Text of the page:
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Antonio Zanchi, Saint Jerome
Material and technique
oil on canvas
148 x 176,5 cm
Alessandro Zuccari
The painting narrates a strange episode in the life of St. Jerome: according to legend, the elderly Doctor of the Church was visited by an angel who announced his imminent death. Unlike Guercino and other artists who treated the same subject, Zanchi does not depict God’s messenger, only his trumpet, visible at the top of the painting. The drama of the scene is rendered through the reflection of the light on the semi-clothed body of the saint and on his purple cloak, alluding to the high office of cardinal, which in reality he was never granted. The light, learned from Caravaggio, barely touches the other elements that identify Jerome:  the skull indicating his meditation on death and the large tome recalling his great work of translating the Bible into Latin.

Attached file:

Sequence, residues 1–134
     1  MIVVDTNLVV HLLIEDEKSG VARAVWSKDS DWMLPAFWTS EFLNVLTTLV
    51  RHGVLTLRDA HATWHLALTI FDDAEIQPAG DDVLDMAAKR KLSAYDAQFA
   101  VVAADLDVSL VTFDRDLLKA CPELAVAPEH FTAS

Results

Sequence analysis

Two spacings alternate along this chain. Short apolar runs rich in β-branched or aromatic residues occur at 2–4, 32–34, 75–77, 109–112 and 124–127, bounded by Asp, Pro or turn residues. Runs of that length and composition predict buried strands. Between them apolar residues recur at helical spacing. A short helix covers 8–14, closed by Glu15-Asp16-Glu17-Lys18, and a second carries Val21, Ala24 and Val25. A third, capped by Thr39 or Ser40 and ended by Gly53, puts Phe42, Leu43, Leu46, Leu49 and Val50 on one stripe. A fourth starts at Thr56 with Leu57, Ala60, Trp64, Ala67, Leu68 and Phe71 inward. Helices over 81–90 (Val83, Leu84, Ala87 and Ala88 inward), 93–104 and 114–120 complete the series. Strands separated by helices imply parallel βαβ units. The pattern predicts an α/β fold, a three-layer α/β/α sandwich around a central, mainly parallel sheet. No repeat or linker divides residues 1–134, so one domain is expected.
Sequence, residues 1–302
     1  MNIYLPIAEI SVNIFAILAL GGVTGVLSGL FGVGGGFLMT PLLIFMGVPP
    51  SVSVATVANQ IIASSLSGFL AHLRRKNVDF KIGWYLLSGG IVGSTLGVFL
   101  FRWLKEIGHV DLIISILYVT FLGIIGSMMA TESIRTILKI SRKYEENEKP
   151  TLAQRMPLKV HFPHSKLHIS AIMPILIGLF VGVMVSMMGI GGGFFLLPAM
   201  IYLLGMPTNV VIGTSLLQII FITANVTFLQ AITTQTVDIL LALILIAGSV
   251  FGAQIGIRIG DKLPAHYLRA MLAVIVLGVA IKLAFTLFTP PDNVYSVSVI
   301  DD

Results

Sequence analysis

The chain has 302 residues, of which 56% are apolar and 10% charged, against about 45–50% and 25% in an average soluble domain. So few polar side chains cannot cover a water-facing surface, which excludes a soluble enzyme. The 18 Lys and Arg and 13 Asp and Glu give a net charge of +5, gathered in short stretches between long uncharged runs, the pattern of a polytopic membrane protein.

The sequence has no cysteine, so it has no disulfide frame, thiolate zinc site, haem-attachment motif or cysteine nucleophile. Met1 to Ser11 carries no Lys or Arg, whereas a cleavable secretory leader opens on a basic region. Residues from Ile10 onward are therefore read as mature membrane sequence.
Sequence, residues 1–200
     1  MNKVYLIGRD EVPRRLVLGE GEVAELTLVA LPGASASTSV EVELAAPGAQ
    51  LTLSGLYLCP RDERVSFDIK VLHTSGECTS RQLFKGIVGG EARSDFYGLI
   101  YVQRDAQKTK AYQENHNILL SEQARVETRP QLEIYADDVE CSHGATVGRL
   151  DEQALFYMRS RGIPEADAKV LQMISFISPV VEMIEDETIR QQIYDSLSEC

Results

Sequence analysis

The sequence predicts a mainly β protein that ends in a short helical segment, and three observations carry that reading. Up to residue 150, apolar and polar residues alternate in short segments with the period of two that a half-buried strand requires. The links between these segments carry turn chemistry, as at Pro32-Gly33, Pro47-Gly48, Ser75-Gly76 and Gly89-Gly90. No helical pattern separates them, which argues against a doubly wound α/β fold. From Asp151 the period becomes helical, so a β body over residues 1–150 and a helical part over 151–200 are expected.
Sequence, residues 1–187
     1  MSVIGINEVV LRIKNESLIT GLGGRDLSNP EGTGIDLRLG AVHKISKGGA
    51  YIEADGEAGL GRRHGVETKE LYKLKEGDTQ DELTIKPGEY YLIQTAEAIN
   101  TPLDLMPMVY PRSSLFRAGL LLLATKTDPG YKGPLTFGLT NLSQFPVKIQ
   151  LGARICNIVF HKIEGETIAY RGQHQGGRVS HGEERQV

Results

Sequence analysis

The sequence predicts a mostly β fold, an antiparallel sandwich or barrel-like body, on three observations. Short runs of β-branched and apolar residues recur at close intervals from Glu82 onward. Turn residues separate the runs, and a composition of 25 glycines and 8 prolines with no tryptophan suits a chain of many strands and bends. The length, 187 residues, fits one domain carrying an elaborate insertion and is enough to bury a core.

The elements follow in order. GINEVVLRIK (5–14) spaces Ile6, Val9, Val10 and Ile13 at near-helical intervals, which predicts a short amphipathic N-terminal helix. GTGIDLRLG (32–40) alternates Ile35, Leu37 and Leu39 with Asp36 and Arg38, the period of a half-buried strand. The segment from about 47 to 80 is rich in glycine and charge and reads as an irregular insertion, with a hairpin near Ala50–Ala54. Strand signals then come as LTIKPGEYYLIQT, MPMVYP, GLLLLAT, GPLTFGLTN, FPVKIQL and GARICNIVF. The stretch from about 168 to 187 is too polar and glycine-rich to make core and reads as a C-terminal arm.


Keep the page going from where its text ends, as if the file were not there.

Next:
The skilful rendering of skin tone and the expressive use of chiaroscuro, as in the shadow on Jerome’s arm, are important examples of Zanchi’s ‘gloomy’ and sentimental style. His frequent use of heightened chiaroscuro effects and dark colours brought the artist considerable acclaim among his contemporaries. Indeed, all the leading ‘schools’ and religious congregations in Venice applied to him to paint their altarpieces and vast teleri.
Saint Jerome
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